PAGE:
NATIONAL BUREAU OF ECONOMIC RESEARCH
NATIONAL BUREAU OF ECONOMIC RESEARCH

The Great Escape: Intergenerational Mobility in the United States Since 1940

Nathaniel G. Hilger

NBER Working Paper No. 21217
Issued in May 2015
NBER Program(s):   CH   DAE   ED   LS   PE

I develop a method to estimate intergenerational mobility (IM) in education on large cross-sectional surveys and apply the method to U.S. census data from 1940 to 2000. The method estimates IM directly for children age 26-29 who still live with parents and adjusts for independent children using a procedure that I validate extensively. Estimates imply large post-1940 gains in IM that were (1) driven primarily by large IM gains in the South for both whites and blacks, (2) larger for blacks due to their greater concentration in the South, and (3) driven by high school rather than college enrollment.

You may purchase this paper on-line in .pdf format from SSRN.com ($5) for electronic delivery.

Access to NBER Papers

You are eligible for a free download if you are a subscriber, a corporate associate of the NBER, a journalist, an employee of the U.S. federal government with a ".GOV" domain name, or a resident of nearly any developing country or transition economy.

If you usually get free papers at work/university but do not at home, you can either connect to your work VPN or proxy (if any) or elect to have a link to the paper emailed to your work email address below. The email address must be connected to a subscribing college, university, or other subscribing institution. Gmail and other free email addresses will not have access.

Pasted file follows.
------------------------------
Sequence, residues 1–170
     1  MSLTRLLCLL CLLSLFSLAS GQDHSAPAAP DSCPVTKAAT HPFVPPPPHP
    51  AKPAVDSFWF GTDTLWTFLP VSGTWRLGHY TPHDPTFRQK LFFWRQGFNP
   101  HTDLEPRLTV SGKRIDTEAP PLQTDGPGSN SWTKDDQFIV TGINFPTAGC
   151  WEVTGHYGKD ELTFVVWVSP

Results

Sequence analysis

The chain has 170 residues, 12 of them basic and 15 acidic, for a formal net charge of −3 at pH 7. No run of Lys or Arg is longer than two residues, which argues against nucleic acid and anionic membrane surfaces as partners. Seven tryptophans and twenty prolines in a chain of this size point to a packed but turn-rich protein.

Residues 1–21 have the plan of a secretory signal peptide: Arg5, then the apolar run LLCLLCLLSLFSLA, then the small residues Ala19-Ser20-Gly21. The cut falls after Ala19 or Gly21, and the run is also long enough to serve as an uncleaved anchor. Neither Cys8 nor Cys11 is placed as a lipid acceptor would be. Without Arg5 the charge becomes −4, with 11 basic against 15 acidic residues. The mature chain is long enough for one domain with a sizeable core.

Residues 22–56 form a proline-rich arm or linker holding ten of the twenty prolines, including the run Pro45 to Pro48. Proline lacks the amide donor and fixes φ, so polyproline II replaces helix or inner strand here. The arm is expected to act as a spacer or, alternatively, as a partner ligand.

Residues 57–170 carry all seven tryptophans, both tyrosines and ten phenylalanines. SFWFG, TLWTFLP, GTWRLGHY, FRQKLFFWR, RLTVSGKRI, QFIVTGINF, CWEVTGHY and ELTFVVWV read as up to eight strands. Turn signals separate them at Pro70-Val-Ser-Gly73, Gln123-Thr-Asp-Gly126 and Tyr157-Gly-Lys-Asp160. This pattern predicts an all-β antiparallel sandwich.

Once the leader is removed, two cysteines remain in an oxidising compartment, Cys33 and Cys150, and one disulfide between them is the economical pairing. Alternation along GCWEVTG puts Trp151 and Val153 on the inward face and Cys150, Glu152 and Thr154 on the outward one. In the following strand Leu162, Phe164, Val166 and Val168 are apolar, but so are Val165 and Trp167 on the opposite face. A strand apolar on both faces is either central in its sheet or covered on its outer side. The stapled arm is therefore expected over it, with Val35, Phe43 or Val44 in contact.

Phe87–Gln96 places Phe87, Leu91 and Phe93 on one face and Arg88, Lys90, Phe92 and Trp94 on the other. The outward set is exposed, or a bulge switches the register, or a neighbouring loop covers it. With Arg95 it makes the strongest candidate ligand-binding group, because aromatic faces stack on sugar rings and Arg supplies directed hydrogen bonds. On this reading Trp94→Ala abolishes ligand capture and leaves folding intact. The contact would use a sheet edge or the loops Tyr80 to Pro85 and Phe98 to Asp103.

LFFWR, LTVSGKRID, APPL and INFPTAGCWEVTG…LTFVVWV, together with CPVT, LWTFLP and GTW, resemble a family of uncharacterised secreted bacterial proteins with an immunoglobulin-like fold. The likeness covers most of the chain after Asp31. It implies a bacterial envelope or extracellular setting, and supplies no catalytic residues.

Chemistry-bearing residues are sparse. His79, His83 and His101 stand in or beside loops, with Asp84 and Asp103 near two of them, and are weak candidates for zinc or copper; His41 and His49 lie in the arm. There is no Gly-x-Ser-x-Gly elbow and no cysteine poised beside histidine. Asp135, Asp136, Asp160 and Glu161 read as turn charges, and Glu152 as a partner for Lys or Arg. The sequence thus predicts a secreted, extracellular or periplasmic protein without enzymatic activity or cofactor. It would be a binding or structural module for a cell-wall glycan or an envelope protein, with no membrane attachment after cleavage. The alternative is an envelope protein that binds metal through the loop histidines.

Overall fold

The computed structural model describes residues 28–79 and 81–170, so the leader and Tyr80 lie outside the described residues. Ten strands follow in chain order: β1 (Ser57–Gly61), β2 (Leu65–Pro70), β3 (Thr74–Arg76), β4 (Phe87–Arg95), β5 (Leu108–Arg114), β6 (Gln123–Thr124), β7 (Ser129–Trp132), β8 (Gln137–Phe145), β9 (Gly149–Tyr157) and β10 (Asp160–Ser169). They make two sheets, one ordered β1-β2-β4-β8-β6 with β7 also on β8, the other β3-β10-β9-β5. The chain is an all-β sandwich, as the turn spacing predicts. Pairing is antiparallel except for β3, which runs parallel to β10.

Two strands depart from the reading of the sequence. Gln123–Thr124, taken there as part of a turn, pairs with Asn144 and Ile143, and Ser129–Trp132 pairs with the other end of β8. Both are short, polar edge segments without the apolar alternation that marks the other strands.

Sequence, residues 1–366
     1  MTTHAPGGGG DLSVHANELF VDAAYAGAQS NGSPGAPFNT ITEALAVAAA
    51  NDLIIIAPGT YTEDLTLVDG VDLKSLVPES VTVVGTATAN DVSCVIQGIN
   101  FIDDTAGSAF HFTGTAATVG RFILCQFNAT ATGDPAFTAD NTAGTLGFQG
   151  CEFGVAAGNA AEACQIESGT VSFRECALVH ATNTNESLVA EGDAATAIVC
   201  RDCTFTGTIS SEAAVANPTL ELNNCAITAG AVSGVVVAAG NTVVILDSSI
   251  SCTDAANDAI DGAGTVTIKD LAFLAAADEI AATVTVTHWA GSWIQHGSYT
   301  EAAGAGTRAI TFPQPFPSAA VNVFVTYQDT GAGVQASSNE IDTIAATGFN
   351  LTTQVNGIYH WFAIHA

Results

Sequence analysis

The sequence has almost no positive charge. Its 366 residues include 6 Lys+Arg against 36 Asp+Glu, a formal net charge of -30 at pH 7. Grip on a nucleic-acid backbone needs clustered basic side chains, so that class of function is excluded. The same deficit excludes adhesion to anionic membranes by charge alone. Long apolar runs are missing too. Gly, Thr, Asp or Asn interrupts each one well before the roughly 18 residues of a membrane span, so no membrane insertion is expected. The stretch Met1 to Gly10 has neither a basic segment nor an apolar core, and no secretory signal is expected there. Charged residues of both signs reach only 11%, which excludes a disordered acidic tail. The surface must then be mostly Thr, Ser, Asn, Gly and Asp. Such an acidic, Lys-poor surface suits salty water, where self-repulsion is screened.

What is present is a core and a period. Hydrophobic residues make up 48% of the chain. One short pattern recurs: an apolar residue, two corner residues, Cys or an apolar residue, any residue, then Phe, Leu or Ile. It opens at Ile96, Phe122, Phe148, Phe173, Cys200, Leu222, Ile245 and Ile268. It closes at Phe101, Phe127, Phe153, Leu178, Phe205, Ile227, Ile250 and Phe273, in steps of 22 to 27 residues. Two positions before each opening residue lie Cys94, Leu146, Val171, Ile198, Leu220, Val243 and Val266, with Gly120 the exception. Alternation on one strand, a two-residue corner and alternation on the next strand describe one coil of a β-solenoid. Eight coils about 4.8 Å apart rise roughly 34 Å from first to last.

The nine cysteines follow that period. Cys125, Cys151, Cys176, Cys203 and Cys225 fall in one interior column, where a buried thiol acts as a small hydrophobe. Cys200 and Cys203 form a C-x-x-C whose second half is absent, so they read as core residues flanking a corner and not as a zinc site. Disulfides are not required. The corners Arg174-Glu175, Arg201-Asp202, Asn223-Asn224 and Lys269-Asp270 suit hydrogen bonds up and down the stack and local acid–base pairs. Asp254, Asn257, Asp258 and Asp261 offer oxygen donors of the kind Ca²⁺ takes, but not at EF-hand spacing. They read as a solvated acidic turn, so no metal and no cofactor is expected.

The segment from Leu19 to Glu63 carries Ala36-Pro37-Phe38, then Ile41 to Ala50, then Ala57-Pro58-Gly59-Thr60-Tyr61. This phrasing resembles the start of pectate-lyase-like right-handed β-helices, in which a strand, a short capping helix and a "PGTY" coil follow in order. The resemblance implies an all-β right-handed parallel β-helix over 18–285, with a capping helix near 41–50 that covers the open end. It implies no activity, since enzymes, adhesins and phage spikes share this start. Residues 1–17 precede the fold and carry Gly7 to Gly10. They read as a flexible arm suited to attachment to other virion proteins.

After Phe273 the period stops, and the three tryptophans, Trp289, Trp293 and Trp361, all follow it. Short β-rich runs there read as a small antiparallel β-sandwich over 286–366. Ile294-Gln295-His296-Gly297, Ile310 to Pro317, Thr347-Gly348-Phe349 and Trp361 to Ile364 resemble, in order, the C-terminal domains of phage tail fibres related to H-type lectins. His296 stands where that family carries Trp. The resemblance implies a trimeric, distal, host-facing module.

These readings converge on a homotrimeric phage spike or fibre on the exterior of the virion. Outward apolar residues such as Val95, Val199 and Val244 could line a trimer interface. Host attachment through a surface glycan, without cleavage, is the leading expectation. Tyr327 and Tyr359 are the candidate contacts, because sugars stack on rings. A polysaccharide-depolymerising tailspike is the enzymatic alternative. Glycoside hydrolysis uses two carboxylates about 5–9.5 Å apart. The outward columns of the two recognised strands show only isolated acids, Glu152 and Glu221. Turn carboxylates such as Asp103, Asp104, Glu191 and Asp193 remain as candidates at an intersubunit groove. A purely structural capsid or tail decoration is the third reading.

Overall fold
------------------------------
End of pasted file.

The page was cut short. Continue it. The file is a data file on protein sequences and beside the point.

E-mail:

This paper was revised on April 27, 2016

Machine-readable bibliographic record - MARC, RIS, BibTeX

Document Object Identifier (DOI): 10.3386/w21217

Users who downloaded this paper also downloaded* these:
Farber w21216 Job Loss in the Great Recession and its Aftermath: U.S. Evidence from the Displaced Workers Survey
Heller, Shah, Guryan, Ludwig, Mullainathan, and Pollack w21178 Thinking, Fast and Slow? Some Field Experiments to Reduce Crime and Dropout in Chicago
Hilger w22748 Upward Mobility and Discrimination: The Case of Asian Americans
Ferrie, Massey, and Rothbaum w22635 Do Grandparents and Great-Grandparents Matter? Multigenerational Mobility in the US, 1910-2013
Chetty, Hendren, Kline, and Saez w19843 Where is the Land of Opportunity? The Geography of Intergenerational Mobility in the United States
 
Publications
Activities
Meetings
NBER Videos
Themes
Data
People
About

National Bureau of Economic Research, 1050 Massachusetts Ave., Cambridge, MA 02138; 617-868-3900; email: info@nber.org

Contact Us